Cassie Logan, of the author's Newbery-winning Roll of Thunder, Hear My Cry, narrates events leading up to a tragic climax on a hot summer Mississippi afternoon in 1933. On an errand to a country store they usually avoid because they know the proprietors are dangerously unfriendly to blacks, the four Logan children are hassled by storekeepers Thurston and Dewberry Wallace, who taunt six-year, old Little-Man for his color, threatening to chop off his hands because they look dirty. The children quickly back away, though they don't take the threat at face value. But when Old Mr. Tom Bee comes by the store and persists in his habit of calling John Wallace by his first name, the threat becomes real. The familiarity is forbidden by custom, but promised in perpetuity by John, whose life Tom saved more than once, with kindness as well as heroism. But the presence of his sons and an unfriendly group of customers forces John to renege on his promise in a harrowing, bitter climax. From its quiet beginning, the tension grows relentlessly in this brief, carefully designed story. The hint of a possible friendship between white Jeremy Simms and the eldest Logan, Stacey; the fine, sturdy character of the Logans; and the indomitable courage of Tom Bee when he decides the time has come to stand up for a principle are the only notes of hope in the somber events. Ginsburg's black-and-white drawings are outstanding, his solid figures masterfully staged to convey the taut drama.

Pub Date: Sept. 30, 1987

ISBN: 0803704178

Page Count: 62

Publisher: Dial Books

Review Posted Online: May 10, 2012

Kirkus Reviews Issue: Aug. 15, 1987

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A sweet, soft conversation starter and a charming gift.

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A paean to teachers and their surrogates everywhere.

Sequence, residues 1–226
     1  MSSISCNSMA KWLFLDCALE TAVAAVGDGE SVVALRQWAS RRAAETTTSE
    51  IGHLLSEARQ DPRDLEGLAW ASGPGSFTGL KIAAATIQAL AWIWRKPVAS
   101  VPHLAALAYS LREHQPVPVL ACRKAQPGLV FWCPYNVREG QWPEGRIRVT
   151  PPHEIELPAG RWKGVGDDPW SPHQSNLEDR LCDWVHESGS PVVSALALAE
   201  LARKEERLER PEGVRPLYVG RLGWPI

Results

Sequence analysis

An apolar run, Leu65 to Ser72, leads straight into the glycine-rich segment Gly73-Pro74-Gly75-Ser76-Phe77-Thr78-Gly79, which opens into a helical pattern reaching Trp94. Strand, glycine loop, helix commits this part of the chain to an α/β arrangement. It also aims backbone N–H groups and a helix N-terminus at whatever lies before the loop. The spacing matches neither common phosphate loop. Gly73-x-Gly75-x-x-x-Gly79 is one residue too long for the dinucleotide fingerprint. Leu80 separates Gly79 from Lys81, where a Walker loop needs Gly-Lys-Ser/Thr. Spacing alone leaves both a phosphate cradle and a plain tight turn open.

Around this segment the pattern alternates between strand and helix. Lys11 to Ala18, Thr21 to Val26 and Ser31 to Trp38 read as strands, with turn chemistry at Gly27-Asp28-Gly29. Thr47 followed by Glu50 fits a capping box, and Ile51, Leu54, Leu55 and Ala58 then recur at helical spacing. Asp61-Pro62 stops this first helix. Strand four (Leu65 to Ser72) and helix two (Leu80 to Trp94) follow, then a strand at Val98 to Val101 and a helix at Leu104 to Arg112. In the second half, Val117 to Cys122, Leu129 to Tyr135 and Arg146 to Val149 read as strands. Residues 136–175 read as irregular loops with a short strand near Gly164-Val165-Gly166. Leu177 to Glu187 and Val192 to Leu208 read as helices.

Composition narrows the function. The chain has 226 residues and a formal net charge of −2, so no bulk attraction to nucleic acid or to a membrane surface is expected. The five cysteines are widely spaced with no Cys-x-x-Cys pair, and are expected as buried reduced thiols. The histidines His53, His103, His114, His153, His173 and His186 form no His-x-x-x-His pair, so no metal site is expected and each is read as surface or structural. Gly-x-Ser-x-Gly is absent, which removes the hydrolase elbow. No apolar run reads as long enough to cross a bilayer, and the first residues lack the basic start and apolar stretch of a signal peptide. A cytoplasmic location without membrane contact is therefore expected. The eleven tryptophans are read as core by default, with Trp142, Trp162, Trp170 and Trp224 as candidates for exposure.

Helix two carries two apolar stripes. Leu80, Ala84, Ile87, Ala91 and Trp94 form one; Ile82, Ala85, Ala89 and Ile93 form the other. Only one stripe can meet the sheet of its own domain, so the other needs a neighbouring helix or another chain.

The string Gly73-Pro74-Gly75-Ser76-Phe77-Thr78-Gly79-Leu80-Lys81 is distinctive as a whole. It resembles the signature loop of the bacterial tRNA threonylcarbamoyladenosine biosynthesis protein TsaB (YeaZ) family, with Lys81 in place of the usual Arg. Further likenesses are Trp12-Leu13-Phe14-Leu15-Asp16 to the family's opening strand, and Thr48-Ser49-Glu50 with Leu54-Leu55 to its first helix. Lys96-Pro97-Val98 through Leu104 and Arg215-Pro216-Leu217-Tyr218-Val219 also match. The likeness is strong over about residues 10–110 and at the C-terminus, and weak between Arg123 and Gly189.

This gentle ode to a teacher’s skill at inspiring, encouraging, and being a role model is spoken, presumably, from a child’s viewpoint. However, the voice could equally be that of an adult, because who can’t look back upon teachers or other early mentors who gave of themselves and offered their pupils so much? Indeed, some of the self-aware, self-assured expressions herein seem perhaps more realistic as uttered from one who’s already grown. Alternatively, readers won’t fail to note that this small book, illustrated with gentle soy-ink drawings and featuring an adult-child bear duo engaged in various sedentary and lively pursuits, could just as easily be about human parent- (or grandparent-) child pairs: some of the softly colored illustrations depict scenarios that are more likely to occur within a home and/or other family-oriented setting. Makes sense: aren’t parents and other close family members children’s first teachers? This duality suggests that the book might be best shared one-on-one between a nostalgic adult and a child who’s developed some self-confidence, having learned a thing or two from a parent, grandparent, older relative, or classroom instructor.

A sweet, soft conversation starter and a charming gift. (Picture book. 4-7)

Pub Date: March 1, 2017

ISBN: 978-1-943200-08-5

Page Count: 32

Publisher: Compendium

Review Posted Online: Dec. 14, 2016

Kirkus Reviews Issue: Jan. 1, 2017

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More gift book than storybook, this is a meaningful addition to nursery bookshelves


A young child explores the unlimited potential inherent in all humans.

“Have you ever wondered why you are here?” asks the second-person narration. There is no one like you. Maybe you’re here to make a difference with your uniqueness; maybe you will speak for those who can’t or use your gifts to shine a light into the darkness. The no-frills, unrhymed narrative encourages readers to follow their hearts and tap into their limitless potential to be anything and do anything. The precisely inked and colored artwork plays with perspective from the first double-page spread, in which the child contemplates a mountain (or maybe an iceberg) in their hands. Later, they stand on a ladder to place white spots on tall, red mushrooms. The oversized flora and fauna seem to symbolize the presumptively insurmountable, reinforcing the book’s message that anything is possible. This quiet read, with its sophisticated central question, encourages children to reach for their untapped potential while reminding them it won’t be easy—they will make messes and mistakes—but the magic within can help overcome falls and failures. It’s unlikely that members of the intended audience have begun to wonder about their life’s purpose, but this life-affirming mood piece has honorable intentions. The child, accompanied by an adorable piglet and sporting overalls and a bird-beaked cap made of leaves, presents white.

More gift book than storybook, this is a meaningful addition to nursery bookshelves . (Picture book. 2-8)

Pub Date: Sept. 15, 2019

ISBN: 978-1-946873-75-0

Page Count: 40

Publisher: Compendium

Review Posted Online: May 22, 2019

Kirkus Reviews Issue: June 15, 2019

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